• Legislation should apply to the residential housing sector to enable a residential contractor/builder to make a progress payment claim against an owner occupier.

Rights to Progress Payments

  • Use of the expression ‘reference date’ should be abandoned;
  • Legislation should include specific provisions dealing with one-off milestone payments;
  • ‘Pay when paid’ clauses should be prohibited;
  • Legislation should provide for the due date for when a progress payment is to be paid.

Process for recovering progress payments

  • Legislation should require better identification and breakdown of payment claims and payment schedule particulars;
  • Legislation should require a payment claim to state that it is a payment claim made under the Act (which is interesting in light of the recent QLD amendments which remove this requirement).

Adjudication of Disputes

  • Legislation should balance the need for speed of an adjudication process with the need for procedural fairness;
  • Allow parties to agree on an accredited adjudicator to resolve their dispute if dispute relates to payment of more than $250 000;
  • Establish a Regulator to register, grade and appoint adjudicators;
  • Entitle parties to make an application to the Regulator for a review of an adjudication decision in some circumstances;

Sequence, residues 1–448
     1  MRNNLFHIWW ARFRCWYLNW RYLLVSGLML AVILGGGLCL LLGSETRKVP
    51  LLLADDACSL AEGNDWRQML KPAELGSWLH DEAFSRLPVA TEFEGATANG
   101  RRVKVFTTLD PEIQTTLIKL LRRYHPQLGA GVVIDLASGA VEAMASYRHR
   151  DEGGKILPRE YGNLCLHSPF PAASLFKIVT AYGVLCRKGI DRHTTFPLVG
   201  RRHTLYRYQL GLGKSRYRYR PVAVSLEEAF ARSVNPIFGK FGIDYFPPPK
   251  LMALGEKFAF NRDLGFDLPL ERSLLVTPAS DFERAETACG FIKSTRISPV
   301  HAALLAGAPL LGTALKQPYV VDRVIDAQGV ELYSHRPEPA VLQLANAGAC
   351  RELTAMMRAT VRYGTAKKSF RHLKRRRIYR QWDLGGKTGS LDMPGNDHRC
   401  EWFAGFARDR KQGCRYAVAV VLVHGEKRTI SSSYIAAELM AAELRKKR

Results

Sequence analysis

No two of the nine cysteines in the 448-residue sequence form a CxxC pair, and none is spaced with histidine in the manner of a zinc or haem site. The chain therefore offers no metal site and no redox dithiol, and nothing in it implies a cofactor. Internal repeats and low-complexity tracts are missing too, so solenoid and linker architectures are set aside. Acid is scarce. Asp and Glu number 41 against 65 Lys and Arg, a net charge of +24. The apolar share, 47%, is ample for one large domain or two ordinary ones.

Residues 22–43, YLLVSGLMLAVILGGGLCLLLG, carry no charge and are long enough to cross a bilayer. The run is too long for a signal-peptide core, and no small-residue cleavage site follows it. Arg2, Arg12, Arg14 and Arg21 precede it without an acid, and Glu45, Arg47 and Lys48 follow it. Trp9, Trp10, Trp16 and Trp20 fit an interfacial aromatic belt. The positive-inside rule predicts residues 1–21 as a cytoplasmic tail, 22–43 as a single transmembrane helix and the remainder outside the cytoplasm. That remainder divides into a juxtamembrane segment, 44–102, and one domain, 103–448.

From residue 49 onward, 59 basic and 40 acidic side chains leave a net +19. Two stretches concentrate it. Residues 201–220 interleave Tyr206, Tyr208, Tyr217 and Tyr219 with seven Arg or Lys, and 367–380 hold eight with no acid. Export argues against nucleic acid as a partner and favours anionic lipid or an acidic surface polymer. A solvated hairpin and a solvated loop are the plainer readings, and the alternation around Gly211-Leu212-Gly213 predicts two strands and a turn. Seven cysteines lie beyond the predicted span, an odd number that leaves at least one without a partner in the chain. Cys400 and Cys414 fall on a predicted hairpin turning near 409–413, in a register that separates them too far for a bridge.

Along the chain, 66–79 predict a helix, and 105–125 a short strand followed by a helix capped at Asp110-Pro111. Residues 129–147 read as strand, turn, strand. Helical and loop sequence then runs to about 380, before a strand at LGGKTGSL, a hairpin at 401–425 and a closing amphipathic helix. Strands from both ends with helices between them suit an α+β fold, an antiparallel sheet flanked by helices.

• Legislation should set out the relevant procedure for the conduct of adjudication review and the Regulator is to appoint the most senior registered adjudicator available to conduct the adjudication review;
  • Adjudicator’s decisions should not be required to be published.

General provisions relating to adjudicators

  • Legislation should have provisions dealing with an adjudicators disqualification due to conflict of interest;
  • Legislation should establish that the adjudicators function is personal and non-delegable;
  • Legislation should provide for adjudicator’s protection from liability.

Miscellaneous Issues

  • The legislation should provide that all cash retentions are to be held on trust and should expressly provide for an adjudicator to be able to decide whether a retention amount and/or security is to be returned;
  • Trade credit insurance should not be made a legislative requirement.

Unfair contract terms

  • The legislation should void unfair contractual terms as to be defined in the legislation.

Statutory Trusts

  • Legislation should establish statutory trusts for construction projects over $1 million.

What’s next for SOP reform?

Implementing the recommendations and achieving the adoption of a nationally consistent and effective set of security of payment laws will require the Commonwealth, the States and Territories to work together.

To that end, Minister for Small Business, the Hon Craig Laundy MP, noted the responsibility of the Commonwealth to work with the States and Territories. The Minister also committed the Government to consult with industry and to consider the report’s recommendations and explore ways to improve the protections for individuals and businesses involved in the construction industry.

Whether this will occur remains to be seen but one thing is clear- the current SOP regime needs greater consistency. Hopefully this Review is the impetus to achieve this.